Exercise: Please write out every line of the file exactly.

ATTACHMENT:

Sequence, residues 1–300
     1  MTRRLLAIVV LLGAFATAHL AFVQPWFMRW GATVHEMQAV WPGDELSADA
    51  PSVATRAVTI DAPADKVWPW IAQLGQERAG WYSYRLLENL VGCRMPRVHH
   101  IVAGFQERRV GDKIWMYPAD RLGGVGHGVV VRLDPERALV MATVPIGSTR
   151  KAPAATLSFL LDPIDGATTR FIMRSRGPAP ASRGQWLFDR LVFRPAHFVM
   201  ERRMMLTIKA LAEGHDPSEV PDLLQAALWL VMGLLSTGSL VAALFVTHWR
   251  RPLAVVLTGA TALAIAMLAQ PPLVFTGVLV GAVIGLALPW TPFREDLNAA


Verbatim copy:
Sequence, residues 1–300
     1  MTRRLLAIVV LLGAFATAHL AFVQPWFMRW GATVHEMQAV WPGDELSADA
    51  PSVATRAVTI DAPADKVWPW IAQLGQERAG WYSYRLLENL VGCRMPRVHH
   101  IVAGFQERRV GDKIWMYPAD RLGGVGHGVV VRLDPERALV MATVPIGSTR
   151  KAPAATLSFL LDPIDGATTR FIMRSRGPAP ASRGQWLFDR LVFRPAHFVM
   201  ERRMMLTIKA LAEGHDPSEV PDLLQAALWL VMGLLSTGSL VAALFVTHWR
   251  RPLAVVLTGA TALAIAMLAQ PPLVFTGVLV GAVIGLALPW TPFREDLNAA